Tag Archives: gratitude

Fear

A simple meditation for being with your fears

Sometimes high up in the forest, I find a rock to perch upon. Sometimes, I read, other times I meditate but when I want to come back to reality and lose my fears of the future; I do this.

I find the highest rock. I find an area that seems comfortable to me, I stand tall and close my eyes. I stand there until I completely forget where I am, losing time and space. Gaining a fleeting feeling as if I am hovering above the earth.

rtable to me, I stand tall and close my eyes. I stand there until I completely forget where I am, losing time and space. Gaining a fleeting feeling as if I am hovering above the earth.

All I think about is this:

Do I trust myself deeply? Decisions, actions, future, past.

I trust myself deeply, decisions, actions, future, past all happened because I trust myself deeply.

I go through this until I mean exactly what I say.
Knowing that the universe provides always. Every time I close my eyes, I know I trust myself & the universe.

What am I going through:

Lately, I have been doing this often as my path to graduate school begins very soon. I look at where this beautiful life journey has brought me. In the beginning, I was upset I did not take this journey sooner, then I feared if it would be worth the money and as the time to descend to Boulder; I can’t help but think of how I will once again be leaving a home I just created for myself. I will be out of my element, standing out as me, the girl from California among a class of 40 other students from mostly the east coast. I have not been in a classroom since I graduated in 2012 from Fresno State. I will be asked to write & then I will be critiqued on my writing. I love to write but I fear, like so many times in the past, it just won’t be good enough. Will my conservative, liberal thoughts not be accepted by my peers? Do I realllllly want to do this? When I am feeling scared, alone or just not me, I can’t hop in the car to see the people who make me feel the best. The universe always provides, ALWAYS provides what it is & exactly what you need, the faith in me for that is deep. So while these fears are so apparent, my meditation has always gotten me to let go of these fears.

So I meditate like this

Knowing that the universe provides always. Every time I close my eyes, I know I trust myself & the universe.

Why yoga?

Why yoga?

Why yoga?

Why yoga?

This took me a while to contemplate because there are so many reasons why!

Because I don’t think I ever knew who I truly was. I started yoga as a way to clear my mind after I first started my 7:30 AM – 6:00 PM job (who willingly does that to themselves?) and had recently been diagnosed with Hashimoto’s. I read an article online that Bikram Yoga could rebalance my hormones, so I bought my first Groupon and was on my way. I did 20 out of the 30 days of class and saw my life radically transform, after staring at myself half naked in a hot room full of 40 other people, I started to see my body for what it is. I was able to concentrate more and my depressive habits began to subside. As I deepened my practice going from studio to studio throughout California I noticed that I no longer felt the need to drink heavily in social situations and could actually articulate my thoughts with confidence. I no longer found the need to get stoned or chain smoke when I was anxious I just met the mat.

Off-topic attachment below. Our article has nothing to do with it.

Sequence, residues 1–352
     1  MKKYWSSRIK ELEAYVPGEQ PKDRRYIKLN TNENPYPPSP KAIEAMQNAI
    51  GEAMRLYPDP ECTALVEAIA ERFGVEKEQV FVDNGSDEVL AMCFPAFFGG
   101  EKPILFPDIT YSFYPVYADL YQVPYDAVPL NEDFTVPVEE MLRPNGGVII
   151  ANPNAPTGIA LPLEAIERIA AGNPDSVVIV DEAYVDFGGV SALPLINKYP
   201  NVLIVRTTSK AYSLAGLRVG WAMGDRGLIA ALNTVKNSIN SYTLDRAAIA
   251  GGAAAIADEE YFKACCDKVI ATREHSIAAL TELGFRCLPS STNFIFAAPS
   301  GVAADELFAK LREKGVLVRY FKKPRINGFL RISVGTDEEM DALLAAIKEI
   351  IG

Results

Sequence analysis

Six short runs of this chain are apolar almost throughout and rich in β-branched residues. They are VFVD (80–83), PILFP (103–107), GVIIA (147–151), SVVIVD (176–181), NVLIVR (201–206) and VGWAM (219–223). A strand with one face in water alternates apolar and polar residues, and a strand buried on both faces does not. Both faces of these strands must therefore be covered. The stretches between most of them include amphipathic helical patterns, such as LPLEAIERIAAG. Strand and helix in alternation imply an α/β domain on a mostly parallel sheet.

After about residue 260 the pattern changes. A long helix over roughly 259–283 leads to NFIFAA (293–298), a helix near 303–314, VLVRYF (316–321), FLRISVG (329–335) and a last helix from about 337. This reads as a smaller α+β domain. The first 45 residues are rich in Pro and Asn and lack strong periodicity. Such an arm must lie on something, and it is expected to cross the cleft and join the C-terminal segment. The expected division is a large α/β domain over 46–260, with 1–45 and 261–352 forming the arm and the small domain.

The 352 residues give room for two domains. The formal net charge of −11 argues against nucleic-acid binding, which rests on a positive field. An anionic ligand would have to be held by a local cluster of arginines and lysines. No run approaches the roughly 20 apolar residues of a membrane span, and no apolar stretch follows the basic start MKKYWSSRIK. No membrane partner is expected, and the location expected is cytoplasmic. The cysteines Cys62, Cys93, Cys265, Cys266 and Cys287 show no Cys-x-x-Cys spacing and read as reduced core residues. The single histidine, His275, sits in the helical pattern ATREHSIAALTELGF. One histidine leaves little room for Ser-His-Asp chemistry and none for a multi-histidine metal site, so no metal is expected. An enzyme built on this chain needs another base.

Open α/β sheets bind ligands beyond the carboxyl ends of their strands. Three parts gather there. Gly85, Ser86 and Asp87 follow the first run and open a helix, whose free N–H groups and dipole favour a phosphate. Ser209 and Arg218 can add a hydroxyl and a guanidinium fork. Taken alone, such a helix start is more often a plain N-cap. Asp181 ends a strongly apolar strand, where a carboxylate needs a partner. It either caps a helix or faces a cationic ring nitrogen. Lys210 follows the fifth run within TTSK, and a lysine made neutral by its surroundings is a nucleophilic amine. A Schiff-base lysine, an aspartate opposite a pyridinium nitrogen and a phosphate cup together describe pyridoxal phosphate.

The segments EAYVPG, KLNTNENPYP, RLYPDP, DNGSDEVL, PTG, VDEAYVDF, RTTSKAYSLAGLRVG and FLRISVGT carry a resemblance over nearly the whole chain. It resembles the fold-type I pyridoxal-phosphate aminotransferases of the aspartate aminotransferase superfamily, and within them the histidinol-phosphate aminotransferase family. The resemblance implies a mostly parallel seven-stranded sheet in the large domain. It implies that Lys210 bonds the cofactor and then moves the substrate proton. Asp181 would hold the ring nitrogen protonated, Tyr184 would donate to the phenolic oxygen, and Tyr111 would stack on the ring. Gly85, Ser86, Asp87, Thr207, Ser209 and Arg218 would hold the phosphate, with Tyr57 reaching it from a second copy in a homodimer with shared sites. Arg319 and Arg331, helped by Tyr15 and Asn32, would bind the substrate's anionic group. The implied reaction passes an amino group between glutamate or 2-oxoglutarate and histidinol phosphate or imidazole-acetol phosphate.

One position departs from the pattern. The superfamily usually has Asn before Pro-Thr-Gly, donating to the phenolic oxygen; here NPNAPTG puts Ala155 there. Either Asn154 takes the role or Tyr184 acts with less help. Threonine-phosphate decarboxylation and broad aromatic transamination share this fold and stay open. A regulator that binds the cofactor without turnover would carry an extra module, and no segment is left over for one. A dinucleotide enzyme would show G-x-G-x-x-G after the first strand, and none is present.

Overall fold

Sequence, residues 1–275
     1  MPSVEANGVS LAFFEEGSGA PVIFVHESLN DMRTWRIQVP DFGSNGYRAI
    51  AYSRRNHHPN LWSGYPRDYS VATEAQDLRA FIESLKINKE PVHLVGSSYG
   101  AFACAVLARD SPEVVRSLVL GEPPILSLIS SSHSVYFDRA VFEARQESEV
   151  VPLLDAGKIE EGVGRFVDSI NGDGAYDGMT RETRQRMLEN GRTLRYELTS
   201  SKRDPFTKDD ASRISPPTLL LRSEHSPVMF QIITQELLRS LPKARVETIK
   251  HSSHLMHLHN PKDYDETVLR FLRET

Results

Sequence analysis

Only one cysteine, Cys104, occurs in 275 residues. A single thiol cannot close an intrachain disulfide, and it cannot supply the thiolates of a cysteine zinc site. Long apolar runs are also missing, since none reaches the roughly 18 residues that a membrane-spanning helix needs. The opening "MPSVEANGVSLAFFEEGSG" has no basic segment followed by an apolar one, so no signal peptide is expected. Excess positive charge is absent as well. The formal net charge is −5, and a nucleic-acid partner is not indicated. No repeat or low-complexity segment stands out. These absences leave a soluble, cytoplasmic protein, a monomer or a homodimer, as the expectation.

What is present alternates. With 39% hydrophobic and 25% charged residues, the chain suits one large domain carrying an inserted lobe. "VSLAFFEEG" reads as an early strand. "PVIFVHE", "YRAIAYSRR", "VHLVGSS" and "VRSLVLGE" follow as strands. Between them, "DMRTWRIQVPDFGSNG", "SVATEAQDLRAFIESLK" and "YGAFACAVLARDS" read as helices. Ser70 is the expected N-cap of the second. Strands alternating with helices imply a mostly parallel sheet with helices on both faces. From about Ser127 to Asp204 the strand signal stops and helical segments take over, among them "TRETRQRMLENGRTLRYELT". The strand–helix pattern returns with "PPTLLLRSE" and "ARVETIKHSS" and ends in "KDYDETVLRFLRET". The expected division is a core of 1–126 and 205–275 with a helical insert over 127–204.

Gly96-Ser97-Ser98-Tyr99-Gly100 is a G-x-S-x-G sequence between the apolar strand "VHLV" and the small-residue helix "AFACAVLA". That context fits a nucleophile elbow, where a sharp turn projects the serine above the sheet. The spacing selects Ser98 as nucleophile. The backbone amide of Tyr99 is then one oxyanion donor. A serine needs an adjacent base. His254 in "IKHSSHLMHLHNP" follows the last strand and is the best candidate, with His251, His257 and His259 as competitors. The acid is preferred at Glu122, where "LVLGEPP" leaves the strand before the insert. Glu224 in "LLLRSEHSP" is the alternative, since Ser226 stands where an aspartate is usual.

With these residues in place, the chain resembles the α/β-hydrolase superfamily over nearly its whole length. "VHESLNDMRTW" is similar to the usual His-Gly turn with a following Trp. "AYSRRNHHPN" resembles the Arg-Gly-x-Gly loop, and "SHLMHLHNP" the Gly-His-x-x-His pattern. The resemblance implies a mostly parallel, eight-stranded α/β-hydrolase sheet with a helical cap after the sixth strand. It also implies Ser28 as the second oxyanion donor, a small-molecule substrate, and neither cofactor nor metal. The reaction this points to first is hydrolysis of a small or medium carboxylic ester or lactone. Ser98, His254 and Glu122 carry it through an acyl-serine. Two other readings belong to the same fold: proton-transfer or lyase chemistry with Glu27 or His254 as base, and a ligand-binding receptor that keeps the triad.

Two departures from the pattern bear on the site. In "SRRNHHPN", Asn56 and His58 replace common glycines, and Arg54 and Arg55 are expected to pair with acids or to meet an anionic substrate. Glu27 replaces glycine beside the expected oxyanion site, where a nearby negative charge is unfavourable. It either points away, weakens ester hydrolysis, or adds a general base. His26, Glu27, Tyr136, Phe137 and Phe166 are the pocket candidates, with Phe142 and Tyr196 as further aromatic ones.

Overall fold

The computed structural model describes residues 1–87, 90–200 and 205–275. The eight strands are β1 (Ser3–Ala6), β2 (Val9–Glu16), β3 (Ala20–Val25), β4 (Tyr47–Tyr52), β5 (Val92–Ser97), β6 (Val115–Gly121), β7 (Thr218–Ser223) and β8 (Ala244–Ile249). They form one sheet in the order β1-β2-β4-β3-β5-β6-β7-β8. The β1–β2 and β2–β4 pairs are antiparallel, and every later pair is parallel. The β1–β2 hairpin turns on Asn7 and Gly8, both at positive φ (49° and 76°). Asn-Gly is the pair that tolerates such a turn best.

When I finally did my 200-hour teacher training at Purusha, I learned about the Siddhis and how yoga can cleanse you of the siddhis. Yoga cleansed my life without me even knowing it. I HAD TO WHOLEHEARTEDLY BELIEVE THAT YOGA SAVED ME. Through yoga, I not only found my voice but discovered exactly who I am and what I am meant to be. That’s why yoga.

That’s why; yoga.

Yoga chose me, I did not choose yoga.

21 days of meditation – How I shine my light

There are many different ways to devote yourself to living. In my experience I there are so many different beliefs and to me, none of them are wrong. My life is a culmination of various religion, I have thirst; to connect with the unknown and  so I continue to create myself into a devoted human to the earth through various tools. I am a spiritual person who wishes to engage and learn about the various thoughts and beliefs to construct my own.

So on my path of becoming a better person for this world, I have decided to meditate on the 21 meditations of  the Buddha dharma. There are many principles which fall into the Buddhist construct such as Samsara, the fact that the mind is endless (karma/reincarnation) and that our thoughts can be controlled by ourselves.

In the Buddhist belief, this will bring me from an ordinary small being to that of a special small being and then a middling beings a great being and then an enlightened being. “These 21 meditation’s is the actual method for making this progress”(The New Mediation Handbook).

By doing so I hope to increase my personal vitality, to emanate happiness and finding calming peace inside of me. Each day I will recite a prayer to protect and connect me with higher senses, I will then read a contemplation and begin my meditation.

I invite you to follow along my journey of enlightenment by following along!

The best day of my life

The best day of my life was the day I was adopted. Sometimes, I think deeply to myself and reflect on how extremely lucky I am. Of course, my thinking on this was not always this way and it took me much work to understand the magnitude of gratitude I could hold for this simple act.

Around the age of 13, I really started to wonder what it would be like if my parents did not adopt me. I just did not want to be at home, I thought my birth parents had a fairytale life, much better for me. Many 13-year-olds go through this stage, especially if there are other conflicts in the home, however for adopted children this can be magnified on a much larger scale. There are actually two real people out there with actual lives. Luckily for me, my parents had always allowed me to have contact with them which helped me to understand this home is my home. I knew my birth mother was not able to keep me because she was in school, but it angered me that she had a child a year and a half after. It was a hard pill to swallow and I questioned if it was because I was brown.

I then went to college and completely understood that what she is probably the hardest thing college student could do. I even spoke to my birthmother about this when I was in college. I asked her what I should do. She told she had six abortions before having me. My life may haven’t been, I am grateful. I then put myself in her shoes, a 23-year-old, living on their own, studying and constantly surrounded by partying. She carried me for 9 months with her head held high. She was not married, she was not dating the father of the child and she was going to school. I couldn’t imagine myself doing this, life is precious.

I couldn’t imagine myself doing what she did, life is precious. She deeply knew that and honored the world by bringing me into life.